|Leaving Winnemucca, NV (that is a fun word to say… WINNEMUCCA)! Destination Ely, NV.
If you have ever flown over Nevada and look out the airplane window you see a lot of nothing… guess what? That is pretty much what you see in Nevada as you travel on the highway too. Still enjoyed the sights as we crossed the desert with the mountain ranges around us.
We took I-80 east and turned south on Hwy. 305 toward Austin, NV. and over the Toiyabe mountain range.
We turned east on hwy. 50 at Austin, NV and headed to Ely.
Here is some information about Austin that was in Wickipedia:
Austin was founded in 1862, as part of a silver rush reputedly triggered by a Pony Express horse who kicked over a rock. Gold and silver mining has continued in the area sporadically and at generally low levels of production. High quality turquoise is still mined in the area in small quantities. This active turquoise mining, together with several shops that manufacture jewelry from local turquoise have made Austin a sort of Nevada Turquoise mecca.
Along the way the mountain ranges had been frosted with snow, and the clouds over the mountain ranges were really beautiful. We did climb some mountain passes, which of course meant we also got to go down the other side with most of them a 7 percent downhill grade. Those are always just a bit exciting when you have your 5th wheel behind you! At least the mountain summits of Golonda at 5139 feet and Austin Summit at 7484, the Hickison Summit was 6594 feet, Pancake Summit 6521 feet, Little Antelope Summit 7438 feet broke up the monotony of an otherwise uneventful day.
Highway 50 is known as “The Loneliest Road in America”. It was 71 miles across the desert valley floor before we reached the quaint little community of Eureka.
We were impressed with the flags hanging from the light poles all the way through Eureka. They were honoring individual members of the military who are serving our country. The name of the individual, their branch of service, and “Thank You for Serving Our Country” is on each flag.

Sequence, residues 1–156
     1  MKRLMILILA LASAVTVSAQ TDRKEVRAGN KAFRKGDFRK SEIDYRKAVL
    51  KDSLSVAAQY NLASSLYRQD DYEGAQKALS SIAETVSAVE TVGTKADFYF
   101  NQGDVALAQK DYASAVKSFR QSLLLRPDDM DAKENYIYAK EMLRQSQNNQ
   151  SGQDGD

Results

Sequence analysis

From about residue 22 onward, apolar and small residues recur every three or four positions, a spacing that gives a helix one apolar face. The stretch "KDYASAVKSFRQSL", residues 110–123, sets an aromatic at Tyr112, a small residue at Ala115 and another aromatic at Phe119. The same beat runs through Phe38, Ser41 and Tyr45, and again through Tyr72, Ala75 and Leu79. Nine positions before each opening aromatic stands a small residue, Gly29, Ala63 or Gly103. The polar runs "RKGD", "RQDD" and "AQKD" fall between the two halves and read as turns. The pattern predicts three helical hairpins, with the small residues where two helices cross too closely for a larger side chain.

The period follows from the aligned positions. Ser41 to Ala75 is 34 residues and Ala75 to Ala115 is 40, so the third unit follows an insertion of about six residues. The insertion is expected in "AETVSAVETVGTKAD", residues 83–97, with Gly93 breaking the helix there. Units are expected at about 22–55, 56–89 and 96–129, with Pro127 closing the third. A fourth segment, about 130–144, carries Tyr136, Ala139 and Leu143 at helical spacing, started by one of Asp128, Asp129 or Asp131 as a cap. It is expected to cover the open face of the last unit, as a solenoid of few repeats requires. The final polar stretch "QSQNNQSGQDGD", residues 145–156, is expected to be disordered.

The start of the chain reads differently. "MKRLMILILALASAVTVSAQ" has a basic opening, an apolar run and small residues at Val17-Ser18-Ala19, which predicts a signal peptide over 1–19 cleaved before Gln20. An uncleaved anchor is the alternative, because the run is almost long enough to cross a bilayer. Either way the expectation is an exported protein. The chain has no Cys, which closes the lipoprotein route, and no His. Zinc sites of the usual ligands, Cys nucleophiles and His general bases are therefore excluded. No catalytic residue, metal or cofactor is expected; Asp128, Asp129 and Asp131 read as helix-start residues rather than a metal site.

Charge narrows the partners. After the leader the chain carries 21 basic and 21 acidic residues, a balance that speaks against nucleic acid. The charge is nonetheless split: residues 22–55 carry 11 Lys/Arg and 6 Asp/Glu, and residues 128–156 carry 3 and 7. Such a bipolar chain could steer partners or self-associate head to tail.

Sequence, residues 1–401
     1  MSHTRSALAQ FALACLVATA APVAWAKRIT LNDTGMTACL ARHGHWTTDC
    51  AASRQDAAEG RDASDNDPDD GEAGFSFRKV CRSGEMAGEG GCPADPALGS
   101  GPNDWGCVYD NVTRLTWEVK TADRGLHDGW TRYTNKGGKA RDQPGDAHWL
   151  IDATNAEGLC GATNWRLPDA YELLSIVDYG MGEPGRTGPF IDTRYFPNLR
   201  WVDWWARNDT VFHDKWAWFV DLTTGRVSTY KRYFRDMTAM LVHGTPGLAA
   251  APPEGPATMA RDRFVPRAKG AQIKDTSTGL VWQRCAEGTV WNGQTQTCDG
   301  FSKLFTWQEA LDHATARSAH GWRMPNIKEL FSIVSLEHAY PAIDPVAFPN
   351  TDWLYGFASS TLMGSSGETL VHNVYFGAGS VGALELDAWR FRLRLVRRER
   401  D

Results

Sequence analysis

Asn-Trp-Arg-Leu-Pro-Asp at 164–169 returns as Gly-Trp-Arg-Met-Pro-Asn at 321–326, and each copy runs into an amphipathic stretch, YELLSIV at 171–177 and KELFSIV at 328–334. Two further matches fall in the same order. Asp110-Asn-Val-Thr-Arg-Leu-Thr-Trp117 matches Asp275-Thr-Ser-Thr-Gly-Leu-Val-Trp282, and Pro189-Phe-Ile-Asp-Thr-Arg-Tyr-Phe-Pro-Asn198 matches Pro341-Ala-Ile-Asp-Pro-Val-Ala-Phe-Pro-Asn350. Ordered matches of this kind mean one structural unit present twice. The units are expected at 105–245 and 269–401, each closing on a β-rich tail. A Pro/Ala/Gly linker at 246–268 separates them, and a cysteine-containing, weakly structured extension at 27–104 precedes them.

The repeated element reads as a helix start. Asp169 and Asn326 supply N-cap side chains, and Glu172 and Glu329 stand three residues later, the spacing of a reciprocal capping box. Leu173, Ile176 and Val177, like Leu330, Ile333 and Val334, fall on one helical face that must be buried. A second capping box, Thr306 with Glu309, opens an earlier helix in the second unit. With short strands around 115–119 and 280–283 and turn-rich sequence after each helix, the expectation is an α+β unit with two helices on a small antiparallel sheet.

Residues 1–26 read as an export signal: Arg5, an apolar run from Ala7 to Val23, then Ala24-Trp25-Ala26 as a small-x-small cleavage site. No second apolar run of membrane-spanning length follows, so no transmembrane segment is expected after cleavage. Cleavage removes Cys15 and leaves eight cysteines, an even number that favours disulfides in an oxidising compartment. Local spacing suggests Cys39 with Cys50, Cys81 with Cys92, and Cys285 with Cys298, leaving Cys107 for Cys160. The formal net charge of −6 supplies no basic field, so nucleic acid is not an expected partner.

Eureka was first settled in 1864 by a group of silver prospectors from nearby Austin, who discovered rock containing a silver-lead ore on nearby Prospect Peak.
There is another 77 miles on this “Lonely Road” before Ely, NV.
A bit of Ely History & Trivia:
Ely is a mining town, suffering through the boom-and-bust cycles so common in the West. Originally, Ely was home to a number of copper mining companies, Kennecott being the most famous. With a crash in the copper market in the mid 1970s, Kennecott shut down and copper mining disappeared (temporarily).
With the advent of cyanide heap leaching—a method of extracting gold from what was previously considered very low-grade ore—the next boom was on. Many companies processed the massive piles of "overburden" that had been removed from copper mines, or expanded the existing open-pit mines to extract the gold ore. Gold mines as widespread as the Robinson project near Ruth, and AmSelco's Alligator Ridge mine 65 miles (104 km) from Ely, kept the town alive during the 1980s and 1990s, until the recent revival of copper mining.
As Kennecott's smelter was demolished, copper concentrate from the mine is now shipped by rail to Seattle where it is transported to Japan for smelting. The dramatic increase in demand for copper in 2005 has once again made Ely a copper boom town.
Pat Nixon, the wife of Richard M. Nixon and the former First Lady of the United States, was born in Ely on March 16, 1912.
The climactic scene to the 2001 movie Rat Race was filmed in Ely, in and around the restored train depot of the railway museum.
Our friends Bill & Susan met us in Ely on Tuesday afternoon. We are both pulling out of Ely early Wednesday morning on our way to Hurricane, UT.